Within that thick section was a list of every possible disorder or birth defect, along with the mathematical odds for each of my baby being born with one. I felt overwhelmed and started crying.

Our counselor stopped talking and looked at me. "You seem concerned, is this upsetting to you?" she asked. I almost wanted to scream "What the hell do you think?" But my husband chose that moment to gently squeeze my leg and answer for me. "Of course she is, we both are. This is overwhelming." It was probably better that he answered.

After that I tuned out. I felt like I was in a hole and she was shoveling dirt on top of me. There was nothing she was telling us that I couldn't find myself online, and I was done with her. After a few more minutes, we were escorted into a private room, where my blood was drawn. There was a shipping box on the table next to me, pre-addressed to some lab. I assumed that was where my blood would be heading and I secretly hoped it would get lost en route.

We drove home in silence, both processing what had just happened. I tried to put it out of my mind for the next few weeks and surprisingly, I was able to, for the most part. But dread of the looming test results was always there to some degree. I counted down the days until the week I was told I'd be receiving a call. When the date came and went without word, I was a little concerned. When it became a full week, I was officially worried and checked in myself.

I learned several things: 1. My counselor had retired and somehow a few of her cases "fell through the cracks," including mine. 2. Someone was meant to call but …"things happen." 3. The results of my screenings came back with exceptionally low odds of any disorders.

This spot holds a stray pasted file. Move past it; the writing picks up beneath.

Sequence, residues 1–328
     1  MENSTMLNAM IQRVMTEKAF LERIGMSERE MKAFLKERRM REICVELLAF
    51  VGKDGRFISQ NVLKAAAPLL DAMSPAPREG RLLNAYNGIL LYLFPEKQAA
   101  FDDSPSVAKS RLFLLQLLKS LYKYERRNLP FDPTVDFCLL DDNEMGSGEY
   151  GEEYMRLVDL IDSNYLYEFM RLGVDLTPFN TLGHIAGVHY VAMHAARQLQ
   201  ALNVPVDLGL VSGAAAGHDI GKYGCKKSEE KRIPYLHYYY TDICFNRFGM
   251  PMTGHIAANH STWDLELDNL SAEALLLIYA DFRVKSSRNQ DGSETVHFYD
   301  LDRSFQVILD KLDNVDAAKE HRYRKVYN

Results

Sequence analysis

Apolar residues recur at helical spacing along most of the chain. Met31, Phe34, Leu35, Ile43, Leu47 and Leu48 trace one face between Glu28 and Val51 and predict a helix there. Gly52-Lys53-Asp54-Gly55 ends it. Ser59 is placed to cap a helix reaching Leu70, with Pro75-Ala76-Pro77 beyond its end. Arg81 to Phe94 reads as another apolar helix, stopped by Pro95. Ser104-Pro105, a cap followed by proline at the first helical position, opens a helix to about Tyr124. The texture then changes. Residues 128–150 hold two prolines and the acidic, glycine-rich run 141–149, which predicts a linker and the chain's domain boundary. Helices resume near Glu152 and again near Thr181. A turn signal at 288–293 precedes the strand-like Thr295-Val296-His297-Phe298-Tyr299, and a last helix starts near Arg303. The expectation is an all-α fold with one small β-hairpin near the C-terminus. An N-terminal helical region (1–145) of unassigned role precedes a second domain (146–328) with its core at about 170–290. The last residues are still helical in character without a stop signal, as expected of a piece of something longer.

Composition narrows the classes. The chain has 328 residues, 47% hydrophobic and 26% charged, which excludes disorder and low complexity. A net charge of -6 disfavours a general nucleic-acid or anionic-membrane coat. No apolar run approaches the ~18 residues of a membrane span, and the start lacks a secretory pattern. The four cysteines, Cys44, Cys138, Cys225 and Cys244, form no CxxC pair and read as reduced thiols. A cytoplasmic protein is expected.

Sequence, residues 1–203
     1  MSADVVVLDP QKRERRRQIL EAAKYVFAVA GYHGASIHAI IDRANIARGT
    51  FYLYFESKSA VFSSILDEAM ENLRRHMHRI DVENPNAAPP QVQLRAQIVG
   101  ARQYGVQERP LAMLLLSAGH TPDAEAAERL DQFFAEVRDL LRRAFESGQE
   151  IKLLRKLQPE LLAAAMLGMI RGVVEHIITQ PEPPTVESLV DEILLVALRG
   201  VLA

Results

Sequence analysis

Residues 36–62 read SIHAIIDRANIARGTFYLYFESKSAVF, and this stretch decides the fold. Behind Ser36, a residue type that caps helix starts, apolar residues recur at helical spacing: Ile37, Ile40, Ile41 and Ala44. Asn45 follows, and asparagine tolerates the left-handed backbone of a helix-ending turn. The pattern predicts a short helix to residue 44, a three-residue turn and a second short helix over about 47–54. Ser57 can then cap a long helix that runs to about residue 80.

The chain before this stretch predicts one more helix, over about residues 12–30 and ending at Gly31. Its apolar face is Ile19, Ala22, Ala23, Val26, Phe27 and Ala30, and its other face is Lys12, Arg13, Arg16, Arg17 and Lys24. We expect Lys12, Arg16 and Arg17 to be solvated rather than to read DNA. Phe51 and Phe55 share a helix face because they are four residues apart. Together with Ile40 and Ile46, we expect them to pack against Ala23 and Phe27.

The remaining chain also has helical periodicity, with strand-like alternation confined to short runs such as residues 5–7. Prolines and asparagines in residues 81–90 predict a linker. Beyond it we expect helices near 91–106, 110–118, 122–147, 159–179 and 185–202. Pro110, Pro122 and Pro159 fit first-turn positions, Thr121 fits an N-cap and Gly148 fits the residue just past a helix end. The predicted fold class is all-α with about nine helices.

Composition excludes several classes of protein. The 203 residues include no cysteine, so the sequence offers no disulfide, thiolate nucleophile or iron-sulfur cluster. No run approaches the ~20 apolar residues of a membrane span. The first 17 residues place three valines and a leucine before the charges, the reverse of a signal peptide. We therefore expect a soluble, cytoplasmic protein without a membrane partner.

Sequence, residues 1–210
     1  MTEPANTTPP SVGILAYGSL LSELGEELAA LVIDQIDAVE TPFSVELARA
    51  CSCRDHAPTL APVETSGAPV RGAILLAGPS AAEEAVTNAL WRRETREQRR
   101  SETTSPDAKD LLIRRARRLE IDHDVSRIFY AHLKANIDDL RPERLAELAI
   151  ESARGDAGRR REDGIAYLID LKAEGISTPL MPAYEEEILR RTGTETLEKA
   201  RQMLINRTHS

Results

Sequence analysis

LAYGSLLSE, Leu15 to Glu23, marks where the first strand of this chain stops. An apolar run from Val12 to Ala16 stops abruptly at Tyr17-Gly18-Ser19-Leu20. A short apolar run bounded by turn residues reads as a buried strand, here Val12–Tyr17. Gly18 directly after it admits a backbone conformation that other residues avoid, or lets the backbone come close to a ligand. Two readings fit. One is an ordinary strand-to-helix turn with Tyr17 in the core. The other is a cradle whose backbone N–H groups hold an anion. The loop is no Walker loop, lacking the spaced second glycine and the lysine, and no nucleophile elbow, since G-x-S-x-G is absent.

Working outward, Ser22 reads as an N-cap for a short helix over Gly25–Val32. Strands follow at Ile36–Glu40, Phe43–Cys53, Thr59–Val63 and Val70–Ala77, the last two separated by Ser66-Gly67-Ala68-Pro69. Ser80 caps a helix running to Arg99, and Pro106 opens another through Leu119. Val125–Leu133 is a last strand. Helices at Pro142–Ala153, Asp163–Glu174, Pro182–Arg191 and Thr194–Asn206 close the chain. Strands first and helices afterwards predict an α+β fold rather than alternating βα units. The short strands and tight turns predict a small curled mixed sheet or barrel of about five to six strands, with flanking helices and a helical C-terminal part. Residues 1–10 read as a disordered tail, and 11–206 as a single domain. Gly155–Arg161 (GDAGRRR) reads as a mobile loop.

I cried again. What number sob fest was this, I wondered? I'd lost count. I cried because I was happy, I cried because it was finished and I could relax. I cried for every parent who'd received different results and was facing a long road ahead.

It's funny, at every turn I was told to enjoy my pregnancy, to relax, to sleep as much as I could. But I also felt like I was constantly having something thrown at me. Bobbing, weaving, knocking down the different risks, tests, trips to the ER for unusual pains.

I'm glad the genetic screening process was an option and that we pursued it – on the whole, it consumed a relatively brief amount of time in my overall pregnancy. But I have to admit, I'm particularly glad that the counselor who led me emotionally astray, albeit briefly, is off enjoying retirement and not guiding any more pregnant moms-to-be.

Opinions expressed by parent contributors are their own.


Watch the video: Mama Doctor Jones No hCG in Pregnancy. hCG Variation. Hormones arent an exact science (July 2022).


Comments:

  1. Nayati

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  2. Kynthelig

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  3. Johnn

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  4. Efnisien